Newly Diagnosed: Taking the First Step on Your Journey
Becoming educated is a good place to start on your journey with atypical hemolytic uremic syndrome (aHUS). Whether you are a patient or a caregiver, knowing as much as possible about the disease will help you be a more active participant in your or your loved one’s healthcare. Learn more below about aHUS, its causes, symptoms, and how it’s diagnosed.
Atypical hemolytic uremic syndrome (aHUS) is a rare disease in which abnormal activity of the complement cascade, a part of the immune system, causes blood clots to form in small blood vessels. These clots cause damage to internal organs, especially the kidneys. aHUS is also a type of thrombotic microangiopathy, a group of diseases characterized by the formation of blood clots in the body’s small blood vessels, leading to organ damage.
aHUS is caused by the abnormal activity of the complement cascade, which leads to increased inflammation and blood clotting in small blood vessels, particularly those in the kidneys. Over time, these small blood vessels can become clogged, leading to kidney damage and, eventually, kidney failure. Most people with aHUS have inherited mutations in the genes that regulate the function of the complement cascade.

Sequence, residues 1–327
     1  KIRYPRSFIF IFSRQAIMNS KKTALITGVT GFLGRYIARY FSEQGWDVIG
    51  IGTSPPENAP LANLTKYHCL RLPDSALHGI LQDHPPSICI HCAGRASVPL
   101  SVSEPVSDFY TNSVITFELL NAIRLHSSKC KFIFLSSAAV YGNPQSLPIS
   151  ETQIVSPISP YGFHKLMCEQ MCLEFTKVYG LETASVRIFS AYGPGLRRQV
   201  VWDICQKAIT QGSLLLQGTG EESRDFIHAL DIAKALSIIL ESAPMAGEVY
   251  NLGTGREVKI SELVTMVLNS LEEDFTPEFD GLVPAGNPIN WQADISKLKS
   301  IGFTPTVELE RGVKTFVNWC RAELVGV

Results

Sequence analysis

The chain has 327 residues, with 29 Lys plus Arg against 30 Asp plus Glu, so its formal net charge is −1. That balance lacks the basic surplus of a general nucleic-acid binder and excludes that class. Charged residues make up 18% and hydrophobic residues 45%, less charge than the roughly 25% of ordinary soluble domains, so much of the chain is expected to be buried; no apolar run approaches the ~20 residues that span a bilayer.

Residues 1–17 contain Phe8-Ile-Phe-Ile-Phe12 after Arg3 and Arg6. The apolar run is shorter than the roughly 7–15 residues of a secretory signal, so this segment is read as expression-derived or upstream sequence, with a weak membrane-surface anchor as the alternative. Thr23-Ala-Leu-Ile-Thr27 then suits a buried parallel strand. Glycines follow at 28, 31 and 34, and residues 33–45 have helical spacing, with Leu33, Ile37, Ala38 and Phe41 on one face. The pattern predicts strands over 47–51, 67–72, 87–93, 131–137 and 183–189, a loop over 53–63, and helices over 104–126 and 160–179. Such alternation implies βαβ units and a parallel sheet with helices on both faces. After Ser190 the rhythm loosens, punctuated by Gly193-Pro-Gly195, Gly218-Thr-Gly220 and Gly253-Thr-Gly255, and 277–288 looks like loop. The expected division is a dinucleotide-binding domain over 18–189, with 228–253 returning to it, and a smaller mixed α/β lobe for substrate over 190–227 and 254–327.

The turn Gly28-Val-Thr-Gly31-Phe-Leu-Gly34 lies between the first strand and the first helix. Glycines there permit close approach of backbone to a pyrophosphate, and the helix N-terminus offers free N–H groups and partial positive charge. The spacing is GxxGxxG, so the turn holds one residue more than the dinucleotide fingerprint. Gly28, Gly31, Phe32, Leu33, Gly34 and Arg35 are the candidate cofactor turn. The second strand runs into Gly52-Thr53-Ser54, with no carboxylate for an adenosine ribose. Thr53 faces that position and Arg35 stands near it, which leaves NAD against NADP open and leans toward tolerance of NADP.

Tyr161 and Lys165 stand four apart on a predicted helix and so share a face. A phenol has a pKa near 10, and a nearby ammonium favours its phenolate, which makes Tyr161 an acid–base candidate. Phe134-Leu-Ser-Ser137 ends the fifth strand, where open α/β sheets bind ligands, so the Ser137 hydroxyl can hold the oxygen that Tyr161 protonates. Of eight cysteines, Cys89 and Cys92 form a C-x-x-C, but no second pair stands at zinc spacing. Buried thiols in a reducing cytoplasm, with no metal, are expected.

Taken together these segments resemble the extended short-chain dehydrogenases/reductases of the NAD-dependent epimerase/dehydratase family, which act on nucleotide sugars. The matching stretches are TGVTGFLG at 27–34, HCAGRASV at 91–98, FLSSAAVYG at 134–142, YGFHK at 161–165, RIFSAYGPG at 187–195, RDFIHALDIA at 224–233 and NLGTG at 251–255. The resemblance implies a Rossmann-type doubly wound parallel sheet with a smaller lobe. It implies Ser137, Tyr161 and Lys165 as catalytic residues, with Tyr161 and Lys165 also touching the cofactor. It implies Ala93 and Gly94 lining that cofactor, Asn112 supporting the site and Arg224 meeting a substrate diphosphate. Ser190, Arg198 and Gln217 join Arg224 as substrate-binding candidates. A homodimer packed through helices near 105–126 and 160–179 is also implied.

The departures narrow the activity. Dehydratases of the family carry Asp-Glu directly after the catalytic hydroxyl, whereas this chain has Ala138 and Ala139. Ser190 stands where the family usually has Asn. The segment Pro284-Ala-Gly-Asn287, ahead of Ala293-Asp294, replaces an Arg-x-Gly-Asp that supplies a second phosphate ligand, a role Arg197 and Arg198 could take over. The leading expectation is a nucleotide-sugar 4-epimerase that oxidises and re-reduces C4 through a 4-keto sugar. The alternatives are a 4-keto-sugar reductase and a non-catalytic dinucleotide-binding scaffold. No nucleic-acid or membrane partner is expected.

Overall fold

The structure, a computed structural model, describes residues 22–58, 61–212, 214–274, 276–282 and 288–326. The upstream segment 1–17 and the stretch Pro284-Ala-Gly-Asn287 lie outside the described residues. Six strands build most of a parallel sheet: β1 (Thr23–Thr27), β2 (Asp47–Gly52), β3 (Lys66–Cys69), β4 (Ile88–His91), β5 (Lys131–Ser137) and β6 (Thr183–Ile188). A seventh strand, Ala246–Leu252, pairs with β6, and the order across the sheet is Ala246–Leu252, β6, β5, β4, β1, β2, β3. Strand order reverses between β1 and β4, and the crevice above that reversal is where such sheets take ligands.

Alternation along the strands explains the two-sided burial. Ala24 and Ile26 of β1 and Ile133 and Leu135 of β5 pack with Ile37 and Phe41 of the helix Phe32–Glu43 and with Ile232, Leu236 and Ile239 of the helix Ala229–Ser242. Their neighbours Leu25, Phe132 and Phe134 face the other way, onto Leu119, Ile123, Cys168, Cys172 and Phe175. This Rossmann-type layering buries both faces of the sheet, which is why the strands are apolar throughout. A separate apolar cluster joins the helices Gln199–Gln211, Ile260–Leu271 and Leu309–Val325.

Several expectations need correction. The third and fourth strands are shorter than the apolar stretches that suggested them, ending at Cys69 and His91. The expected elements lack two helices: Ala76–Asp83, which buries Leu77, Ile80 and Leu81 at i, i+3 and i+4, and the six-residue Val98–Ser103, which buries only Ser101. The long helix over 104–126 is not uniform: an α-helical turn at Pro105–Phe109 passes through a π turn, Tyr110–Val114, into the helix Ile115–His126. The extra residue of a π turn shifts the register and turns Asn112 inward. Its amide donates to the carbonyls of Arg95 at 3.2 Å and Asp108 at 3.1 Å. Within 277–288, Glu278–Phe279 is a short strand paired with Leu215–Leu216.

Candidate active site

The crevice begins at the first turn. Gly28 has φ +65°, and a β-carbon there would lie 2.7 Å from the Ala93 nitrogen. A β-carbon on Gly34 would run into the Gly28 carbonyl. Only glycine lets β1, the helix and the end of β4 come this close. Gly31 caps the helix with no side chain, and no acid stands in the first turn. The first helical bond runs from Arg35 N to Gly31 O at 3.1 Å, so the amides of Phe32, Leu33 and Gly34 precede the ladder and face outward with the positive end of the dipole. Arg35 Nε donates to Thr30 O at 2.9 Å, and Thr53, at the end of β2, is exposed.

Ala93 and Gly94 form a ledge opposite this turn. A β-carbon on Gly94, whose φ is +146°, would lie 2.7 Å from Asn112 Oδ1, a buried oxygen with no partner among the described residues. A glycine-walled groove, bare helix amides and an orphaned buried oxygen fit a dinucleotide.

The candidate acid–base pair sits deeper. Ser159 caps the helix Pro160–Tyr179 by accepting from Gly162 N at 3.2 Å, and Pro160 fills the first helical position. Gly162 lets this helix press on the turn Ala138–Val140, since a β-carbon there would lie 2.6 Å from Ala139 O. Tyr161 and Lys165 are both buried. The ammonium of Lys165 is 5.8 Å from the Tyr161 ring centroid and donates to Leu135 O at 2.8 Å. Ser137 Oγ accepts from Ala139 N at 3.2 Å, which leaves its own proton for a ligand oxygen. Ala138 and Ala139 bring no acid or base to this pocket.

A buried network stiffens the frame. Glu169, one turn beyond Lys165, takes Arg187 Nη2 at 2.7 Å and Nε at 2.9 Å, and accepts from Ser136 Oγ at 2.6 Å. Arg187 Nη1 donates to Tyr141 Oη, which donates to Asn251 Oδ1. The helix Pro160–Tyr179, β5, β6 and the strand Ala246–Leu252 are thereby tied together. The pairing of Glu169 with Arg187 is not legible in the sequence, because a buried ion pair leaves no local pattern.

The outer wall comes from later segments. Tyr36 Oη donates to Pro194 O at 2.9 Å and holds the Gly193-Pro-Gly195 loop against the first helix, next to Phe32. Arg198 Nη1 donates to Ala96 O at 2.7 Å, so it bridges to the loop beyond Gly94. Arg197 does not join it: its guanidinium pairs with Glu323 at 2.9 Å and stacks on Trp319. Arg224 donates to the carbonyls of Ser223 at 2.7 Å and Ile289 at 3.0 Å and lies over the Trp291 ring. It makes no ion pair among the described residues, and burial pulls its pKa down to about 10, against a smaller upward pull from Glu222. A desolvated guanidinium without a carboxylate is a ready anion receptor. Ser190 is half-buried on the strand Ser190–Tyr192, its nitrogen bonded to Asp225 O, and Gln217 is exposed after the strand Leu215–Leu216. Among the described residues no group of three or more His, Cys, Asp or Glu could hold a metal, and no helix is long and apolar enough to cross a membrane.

The signs and symptoms of aHUS usually appear suddenly, and often follow a trigger event, such as an infection. There are three hallmark symptoms that define aHUS: hemolytic anemia, thrombocytopenia, and kidney failure. Symptoms can appear at any age, though it is slightly more common for them to first appear in childhood rather than later on in life. Adult-onset aHUS is more frequent in females than males, whereas childhood-onset disease affects both sexes equally.
aHUS also is a type of thrombotic microangiopathy (TMA), which comprises a group of disorders characterized by the formation of blood clots in the body’s small blood vessels. A major challenge in diagnosing aHUS is differentiating it from other types of TMA. A main feature used to diagnose TMAs is evidence of hemolytic anemia in laboratory testing, most notably the presence of schistocytes (pieces of destroyed red blood cells) on a peripheral blood smear.